Joomla 1.6+ ACL is not necessarily hierarchical. You can set up groups with whatever permissions you wish. These permissions are inherited from parents in the case of groups, but they are not inherited in the case of access levels. At a minimum, all user groups are children of the Public group.
There are four aspects to the ACL system in Joomla 1.6+. These include the user, the group, core permissions, and access levels. I’ve represented these in the following diagram to describe their relationship, and I’ll go through each in detail.
This is the easiest one to understand — that’s you, or someone else visiting the website. A user does not have to have an account to be considered a user of the website. That user would still be considered a public user. Individual users may be assigned to one or several groups. You cannot assign core permissions directly to users; these are assigned to the group.
Core permissions are assigned to the group, not to individual users. (If you want specific core permissions for a single user, you would need to create a group for that single user.)
Core permissions include:
Site login: the ability to log into the front of the website.
- Admin login: the ability to log into the back end of the website.
- Offline access: When the site is taken offline (in Global Configuration – Site tab), this controls who is able to log in to see the site
- Super Admin: administrative (root) privileges, such as changing Global Configuration. Super Admin privileges also override any other ACL settings, giving this user group full access to all of Joomla’s systems.
- Access Component: ability to get to specific areas in the back end (think menus, article manager, media manager, components, etc)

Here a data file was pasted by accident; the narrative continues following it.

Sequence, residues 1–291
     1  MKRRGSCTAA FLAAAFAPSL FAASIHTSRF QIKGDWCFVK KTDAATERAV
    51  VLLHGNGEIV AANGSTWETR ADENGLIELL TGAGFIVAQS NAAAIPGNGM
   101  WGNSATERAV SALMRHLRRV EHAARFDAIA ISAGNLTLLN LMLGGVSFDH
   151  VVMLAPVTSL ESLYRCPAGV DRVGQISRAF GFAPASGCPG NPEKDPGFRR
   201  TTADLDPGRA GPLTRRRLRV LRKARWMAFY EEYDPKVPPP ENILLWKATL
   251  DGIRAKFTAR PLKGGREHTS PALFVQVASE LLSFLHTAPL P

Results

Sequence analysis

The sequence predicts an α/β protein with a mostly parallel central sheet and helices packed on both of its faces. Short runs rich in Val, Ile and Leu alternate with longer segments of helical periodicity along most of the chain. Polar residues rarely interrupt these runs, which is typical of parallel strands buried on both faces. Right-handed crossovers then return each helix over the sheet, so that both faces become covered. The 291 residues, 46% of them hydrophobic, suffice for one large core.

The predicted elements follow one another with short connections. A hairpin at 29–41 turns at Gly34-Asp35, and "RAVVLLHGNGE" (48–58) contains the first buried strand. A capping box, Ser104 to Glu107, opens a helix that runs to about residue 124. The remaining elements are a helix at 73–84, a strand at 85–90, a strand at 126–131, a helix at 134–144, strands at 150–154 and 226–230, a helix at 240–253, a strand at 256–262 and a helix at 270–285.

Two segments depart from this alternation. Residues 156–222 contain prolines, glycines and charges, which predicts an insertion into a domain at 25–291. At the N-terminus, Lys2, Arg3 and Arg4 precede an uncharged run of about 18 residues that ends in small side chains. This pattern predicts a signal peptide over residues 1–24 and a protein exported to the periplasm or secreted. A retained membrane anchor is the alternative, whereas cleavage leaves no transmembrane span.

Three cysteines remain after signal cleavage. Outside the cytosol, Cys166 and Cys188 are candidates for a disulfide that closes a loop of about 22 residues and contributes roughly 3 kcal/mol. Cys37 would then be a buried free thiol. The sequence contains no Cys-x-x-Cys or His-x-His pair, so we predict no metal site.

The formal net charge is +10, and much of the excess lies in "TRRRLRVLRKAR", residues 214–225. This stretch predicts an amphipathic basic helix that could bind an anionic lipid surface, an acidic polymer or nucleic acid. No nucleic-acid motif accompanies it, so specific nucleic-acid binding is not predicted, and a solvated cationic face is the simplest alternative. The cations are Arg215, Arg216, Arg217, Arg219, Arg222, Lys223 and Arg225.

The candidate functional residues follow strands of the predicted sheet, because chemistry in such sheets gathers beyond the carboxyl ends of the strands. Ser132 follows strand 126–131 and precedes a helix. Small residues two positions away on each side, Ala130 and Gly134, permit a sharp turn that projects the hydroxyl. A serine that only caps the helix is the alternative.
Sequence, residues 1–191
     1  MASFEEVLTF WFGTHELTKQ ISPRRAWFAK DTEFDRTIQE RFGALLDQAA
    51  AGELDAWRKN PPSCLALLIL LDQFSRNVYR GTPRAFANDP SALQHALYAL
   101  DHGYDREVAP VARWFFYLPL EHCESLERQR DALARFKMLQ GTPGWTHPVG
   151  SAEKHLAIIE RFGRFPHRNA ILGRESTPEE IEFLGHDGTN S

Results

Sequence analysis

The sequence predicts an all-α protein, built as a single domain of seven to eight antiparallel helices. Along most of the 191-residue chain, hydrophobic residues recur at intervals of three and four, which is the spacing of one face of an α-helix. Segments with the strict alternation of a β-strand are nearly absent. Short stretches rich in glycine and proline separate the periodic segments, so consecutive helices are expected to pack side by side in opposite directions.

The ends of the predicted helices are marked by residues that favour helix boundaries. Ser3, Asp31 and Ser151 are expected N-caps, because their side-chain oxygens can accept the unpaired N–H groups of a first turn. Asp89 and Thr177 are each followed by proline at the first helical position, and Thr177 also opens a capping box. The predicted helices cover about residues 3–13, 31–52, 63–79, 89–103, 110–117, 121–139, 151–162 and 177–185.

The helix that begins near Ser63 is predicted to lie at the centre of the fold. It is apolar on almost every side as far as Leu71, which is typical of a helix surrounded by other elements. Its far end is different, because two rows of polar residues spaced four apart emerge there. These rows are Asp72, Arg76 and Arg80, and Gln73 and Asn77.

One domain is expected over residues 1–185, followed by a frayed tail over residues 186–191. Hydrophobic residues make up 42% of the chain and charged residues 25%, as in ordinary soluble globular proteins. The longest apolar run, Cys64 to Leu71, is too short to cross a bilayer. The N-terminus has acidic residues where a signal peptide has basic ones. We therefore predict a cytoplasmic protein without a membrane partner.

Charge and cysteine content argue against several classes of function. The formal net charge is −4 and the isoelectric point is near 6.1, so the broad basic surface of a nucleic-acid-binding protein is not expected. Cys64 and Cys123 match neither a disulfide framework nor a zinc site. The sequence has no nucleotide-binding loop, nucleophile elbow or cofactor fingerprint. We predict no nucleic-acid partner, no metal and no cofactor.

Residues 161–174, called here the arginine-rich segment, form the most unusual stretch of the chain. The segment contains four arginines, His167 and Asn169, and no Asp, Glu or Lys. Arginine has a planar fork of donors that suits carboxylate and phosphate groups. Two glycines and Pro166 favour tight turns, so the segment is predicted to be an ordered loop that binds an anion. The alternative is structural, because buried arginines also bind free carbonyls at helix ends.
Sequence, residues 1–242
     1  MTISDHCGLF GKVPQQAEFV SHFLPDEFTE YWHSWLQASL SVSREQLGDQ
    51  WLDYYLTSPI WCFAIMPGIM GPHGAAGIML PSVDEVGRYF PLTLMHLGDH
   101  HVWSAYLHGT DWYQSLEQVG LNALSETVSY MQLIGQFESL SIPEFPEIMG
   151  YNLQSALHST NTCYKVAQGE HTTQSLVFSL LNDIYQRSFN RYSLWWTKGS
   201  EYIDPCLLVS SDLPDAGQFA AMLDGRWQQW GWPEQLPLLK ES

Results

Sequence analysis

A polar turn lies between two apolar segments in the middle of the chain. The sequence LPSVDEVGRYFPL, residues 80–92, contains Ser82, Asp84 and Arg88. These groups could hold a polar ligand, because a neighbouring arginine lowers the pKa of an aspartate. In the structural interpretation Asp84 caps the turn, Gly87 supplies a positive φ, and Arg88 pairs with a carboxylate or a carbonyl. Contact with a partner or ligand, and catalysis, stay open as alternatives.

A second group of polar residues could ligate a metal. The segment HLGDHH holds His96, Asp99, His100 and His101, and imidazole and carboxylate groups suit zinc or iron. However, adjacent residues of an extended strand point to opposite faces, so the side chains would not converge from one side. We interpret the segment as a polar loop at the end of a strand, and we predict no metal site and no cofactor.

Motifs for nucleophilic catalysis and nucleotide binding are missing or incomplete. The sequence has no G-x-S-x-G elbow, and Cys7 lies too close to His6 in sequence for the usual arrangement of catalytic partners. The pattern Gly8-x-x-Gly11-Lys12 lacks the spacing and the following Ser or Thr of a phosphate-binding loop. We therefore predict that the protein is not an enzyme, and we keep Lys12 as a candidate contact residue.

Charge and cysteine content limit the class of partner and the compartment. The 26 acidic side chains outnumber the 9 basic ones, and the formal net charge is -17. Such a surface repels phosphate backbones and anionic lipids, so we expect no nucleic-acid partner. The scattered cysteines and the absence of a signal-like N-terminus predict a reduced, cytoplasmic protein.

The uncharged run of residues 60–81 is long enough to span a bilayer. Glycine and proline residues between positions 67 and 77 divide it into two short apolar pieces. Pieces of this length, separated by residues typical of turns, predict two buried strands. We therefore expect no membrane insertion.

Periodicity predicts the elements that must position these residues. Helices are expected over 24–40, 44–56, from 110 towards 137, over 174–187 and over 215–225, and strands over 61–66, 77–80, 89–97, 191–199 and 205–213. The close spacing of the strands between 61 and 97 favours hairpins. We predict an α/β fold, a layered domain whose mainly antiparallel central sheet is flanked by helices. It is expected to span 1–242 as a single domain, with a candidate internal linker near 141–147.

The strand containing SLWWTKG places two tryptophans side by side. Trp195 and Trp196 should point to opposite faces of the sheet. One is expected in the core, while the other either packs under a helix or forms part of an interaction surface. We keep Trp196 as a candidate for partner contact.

Create: ability to create new content
- Delete: ability to delete (trash) content
- Edit: ability to edit existing content which is not necessarily your own
- Edit state: ability to change state between published, unpublished, trashed, archived
- Edit own: ability to edit your own content (but not the content of others)
The core permissions are set in the Global Configuration, under Site – Global Configuration, then clicking on the Permissions tab.
In the Manager group shown above, and in all other groups except for Public, each one of the dropdowns shown here has three options: Allow, Deny, and Inherited. The Public group is the parent for all groups underneath. The Public group’s dropdowns has three values, which include Allow, Deny, and Not Set.
- Allow means something is explicitly allowed or permitted for a specific group.
- Deny means something is explicitly denied or not permitted for a specific group.
- Inherited means something is derived from a parent group. Inherited is not available as an option for the Public group.
- Not Set means the permission has not yet been configured. Not Set is only available to the Public group and only in the Global Configuration.
A full explanation of each user group’s permissions is explained below.
Special Note about Core Permissions Assigned in Global Configuration